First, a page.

Of course, if the business fails I am in debt to my friends for $45,000 plus interest. The greater the risk, the greater the leverage which translates into greater profits when successful and a greater loss if unsuccessful.

Again, whether we are speaking of a global corporation or sole proprietorship, the higher the leverage of debt to equity the greater the risk of the business but also the greater the potential profit for the owners.

When buying shares of stock in a company, your share of any profit will be much greater the more the company is leveraged – of course, your chance of losing your investment if the company goes bankrupt is also greater.

How Do You Feel About Leveraged Investments

Do You Feel About Leveraged Investments

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© 2006 Chuck Nugent

More by this Author


Chuck profile image

Chuck 2 years ago from Tucson, Arizona Author

Low Check Kian - Glad you enjoyed the Hub. Thanks for visiting.

Low Check Kian profile image

Low Check Kian 2 years ago from Singapore

this is a very nice hub

monicamelendez profile image

monicamelendez 4 years ago from Salt Lake City

For example, instead of buying a single home as an investment property, you could buy two, borrowing half of the money. Both your upside and downside are increased through leverage.

monicamelendez profile image

monicamelendez 4 years ago from Salt Lake City

You can do a lot of leveraged investing in real estate as well!

Subjectmoney 5 years ago

So many people think of financial leverage as a bad thing but it can really increase a company or an individuals ROE. The goal is to find an optimal amount of financial leverage and not take on so much debt that there is a risk of financial distress.

ilitek profile image

ilitek 5 years ago

Leverage is a double edge sword

htodd profile image

htodd 5 years ago from United States

This is great hub,Nice

Jokylu profile image

Jokylu 5 years ago from Waratah North, Victoria.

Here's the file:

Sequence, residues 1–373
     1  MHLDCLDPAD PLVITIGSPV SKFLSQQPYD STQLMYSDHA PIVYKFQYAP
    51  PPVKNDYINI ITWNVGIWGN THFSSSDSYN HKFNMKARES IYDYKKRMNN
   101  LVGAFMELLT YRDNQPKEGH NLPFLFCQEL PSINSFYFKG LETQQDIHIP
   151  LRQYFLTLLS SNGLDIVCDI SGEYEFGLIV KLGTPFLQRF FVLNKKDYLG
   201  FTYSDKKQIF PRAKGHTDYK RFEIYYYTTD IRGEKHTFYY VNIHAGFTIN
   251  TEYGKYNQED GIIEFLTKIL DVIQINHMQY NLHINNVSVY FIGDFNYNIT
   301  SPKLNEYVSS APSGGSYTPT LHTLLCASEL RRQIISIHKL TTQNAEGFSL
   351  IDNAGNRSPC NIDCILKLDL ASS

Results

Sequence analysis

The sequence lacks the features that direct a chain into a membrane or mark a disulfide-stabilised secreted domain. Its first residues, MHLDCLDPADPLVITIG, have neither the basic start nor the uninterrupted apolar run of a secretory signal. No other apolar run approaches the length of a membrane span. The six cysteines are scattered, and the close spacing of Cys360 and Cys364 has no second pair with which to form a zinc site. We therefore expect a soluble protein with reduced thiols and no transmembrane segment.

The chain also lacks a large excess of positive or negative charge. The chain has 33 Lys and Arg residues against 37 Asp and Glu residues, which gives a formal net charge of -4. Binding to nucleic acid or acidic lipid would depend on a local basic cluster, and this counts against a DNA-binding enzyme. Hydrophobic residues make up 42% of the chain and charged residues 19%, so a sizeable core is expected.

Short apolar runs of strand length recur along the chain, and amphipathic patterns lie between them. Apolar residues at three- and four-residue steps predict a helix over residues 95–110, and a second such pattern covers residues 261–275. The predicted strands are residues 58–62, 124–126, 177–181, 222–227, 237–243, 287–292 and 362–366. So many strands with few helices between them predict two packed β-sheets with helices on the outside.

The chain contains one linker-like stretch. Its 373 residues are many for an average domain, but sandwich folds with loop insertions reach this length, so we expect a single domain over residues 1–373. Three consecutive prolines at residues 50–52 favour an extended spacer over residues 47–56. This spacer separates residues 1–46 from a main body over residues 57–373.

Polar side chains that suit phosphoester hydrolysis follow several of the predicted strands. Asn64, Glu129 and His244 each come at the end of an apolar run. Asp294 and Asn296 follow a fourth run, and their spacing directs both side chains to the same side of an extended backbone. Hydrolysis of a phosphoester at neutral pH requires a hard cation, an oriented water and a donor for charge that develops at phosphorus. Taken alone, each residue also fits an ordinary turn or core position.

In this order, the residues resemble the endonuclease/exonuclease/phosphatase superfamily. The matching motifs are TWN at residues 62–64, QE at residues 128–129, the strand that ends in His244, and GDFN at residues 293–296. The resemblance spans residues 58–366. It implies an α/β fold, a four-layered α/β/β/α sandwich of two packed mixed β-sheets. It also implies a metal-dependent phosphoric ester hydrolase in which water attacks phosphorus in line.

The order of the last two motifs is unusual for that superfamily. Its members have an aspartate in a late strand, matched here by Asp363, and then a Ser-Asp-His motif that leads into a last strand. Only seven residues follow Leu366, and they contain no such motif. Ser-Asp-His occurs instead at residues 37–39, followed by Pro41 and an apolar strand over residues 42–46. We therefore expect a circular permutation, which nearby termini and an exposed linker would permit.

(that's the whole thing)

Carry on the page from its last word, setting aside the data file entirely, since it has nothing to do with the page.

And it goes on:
Thankyou for a very clear, and concise hub explaining leverage in an easy to read way. Well done

Sinea Pies profile image

Sinea Pies 5 years ago from Northeastern United States

Great hub. I feel so sub-par when it comes to investing. This was very helpful to help me understand the "strange land" of finance! Voted up and useful.

orchid on earth 5 years ago

thank u v much 4da help me a lot 2 prepare my answer.

thank you

crystolite profile image

crystolite 5 years ago from Houston TX

very useful information well done

james moylan  5 years ago

I have a web site where I cover stocks under 5 dollars. I have been following stocks under 5 dollars for a very long time.low price stocks can have tremendous leverage using leverage in your investments is a double edge sword.

Chuck profile image

Chuck 6 years ago from Tucson, Arizona Author

Howard S. - Thanks for catching this. My general practice is to write my Hubs off line in a word processor and, after editing and spell checking, post the content to HubPages.

I obviously posted part of it twice and did not proofread the final work as carefully as I should have.

This has now been corrected and I thank you again for bringing this to my attention.

Howard S. profile image

Howard S. 6 years ago from Dallas, Texas, and Asia